Kohler is excited that this fall the first alumna from the equestrian program, Jennifer (Brown) Smith ’02, will be inducted into the AU Sports Hall of Fame.

Smith is the most accomplished rider in AU equestrian team history, three times competing in the Intercollegiate Horse Show Association (IHSA) national championships. She placed in the top eight in the country in the Open Division of the IHSA hunt seat class each year she competed at nationals.  As a freshman in 1999, she was eighth in Open Equitation on the Flat; in 2000, she was seventh in that same event; and in 2001, as a junior, she placed fourth nationally in Open Equitation Over Fences.

Now that things are moving forward in all directions for the program, Kohler has some time to think about future enhancements. 

In the near future, she plans to start a young alumni group to keep graduates from the program connected as well as to have them serve as a support group and network system for current students.

Also in the planning stages is a second student trip to Ireland in spring 2013, this time to focus on fox hunting and cross country. Kohler led a student group to Ireland in spring 2011 when the focus was on horse farms and management.

In the distant future, there is need to expand the arena facilities, perhaps by an addition to the Equestrian Center.  The current facility has outgrown its capacity, said Kohler, noting the indoor arena is in constant use with classes and team practices Monday-Thursday from 6:30 a.m.-9 p.m. And there has to be time for boarder to ride their horses, she added. There is an outdoor arena, however it is not always an option; the outdoor area is generally used from April through mid-November.

Kohler notes that more arena space would allow for more classes, more shows, and open the opportunity to develop a community lesson program.

In the summer, the Bromeley-Daggett Equestrian Center is used for both day and residential camps. This year the camps have been expanded from a Sunday-Thursday format to Sunday-Saturday.

The University is beginning to see the summer camps as a good recruitment tool. The fall 2012 incoming freshman class includes an early-admit student who attended a summer equestrian camp and there is a current junior who was a “camper,” said Kohler and there are likely several others.

She has also become involved with the W.I.L.D. (Wilderness Immersion Learning and Discovery) initiative on campus as a committee member. She sees it as a natural extension to her program as well as a mechanism to help all students learn to appreciate and participate in their surroundings. “We need to get out there and enjoy this natural setting and take advantage of what’s here.”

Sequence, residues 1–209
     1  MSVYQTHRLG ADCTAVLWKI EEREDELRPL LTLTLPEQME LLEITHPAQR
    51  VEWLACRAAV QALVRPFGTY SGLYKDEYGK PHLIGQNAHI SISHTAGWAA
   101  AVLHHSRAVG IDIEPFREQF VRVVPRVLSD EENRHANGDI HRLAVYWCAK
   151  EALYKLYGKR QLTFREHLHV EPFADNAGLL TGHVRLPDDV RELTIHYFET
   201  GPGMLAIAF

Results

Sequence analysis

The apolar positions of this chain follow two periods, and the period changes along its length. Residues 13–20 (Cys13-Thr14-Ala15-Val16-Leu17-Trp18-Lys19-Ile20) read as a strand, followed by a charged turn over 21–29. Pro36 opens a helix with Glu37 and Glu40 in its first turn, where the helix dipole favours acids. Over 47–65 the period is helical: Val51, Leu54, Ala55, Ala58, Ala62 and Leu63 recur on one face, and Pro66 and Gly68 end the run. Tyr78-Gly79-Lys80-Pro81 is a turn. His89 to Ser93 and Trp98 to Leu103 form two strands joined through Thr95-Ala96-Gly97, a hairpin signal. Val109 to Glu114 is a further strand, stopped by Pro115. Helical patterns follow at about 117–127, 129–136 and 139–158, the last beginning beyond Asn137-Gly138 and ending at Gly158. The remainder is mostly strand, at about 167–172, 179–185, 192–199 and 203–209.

In what will be a bridge between AU and the intercollegiate programs, Kohler was enthused to accept a recent appointment as Intercollegiate Horse Show Association (IHSA) regional president of Zone II, Region I. She will serve the remainder of her predecessor’s term, which expires in June 2013, at which point the region’s membership will vote on her serving a full two-year term as president.

Kohler, who also serves as head coach of the AU hunt seat riding team, said the appointment will help raise the profile of the University’s Equestrian Program, which has both an athletics and academic component.

"Alfred will be the President College. We will now be able to host the regional (hunt seat) show in 2013," she said. A regional championship - and potentially a Zone II championship as well - held at the Bromeley-Daggett Equestrian Center at the Maris Cuneo Equine Park will increase awareness of the AU Equestrian Program

"This will just give us more visibility and help us get out there what type of program we have here at Alfred."

As region president, Kohler’s duties include setting regional show dates, collecting show entry fees and maintaining team and rider paperwork and records for the teams in the region. She will also be assigned to IHSA committees representing Zone II, Region I.

Kohler is also working on her Running Judges Card license through the United States Equestrian Federation, which will allow her to be a show judge. Her “learner’s permit” has been approved and this summer she should be evaluating and critiquing at the lower level shows; upper level will come next.

Judging “brings more prestige to the University and is a good way to network,” said Kohler.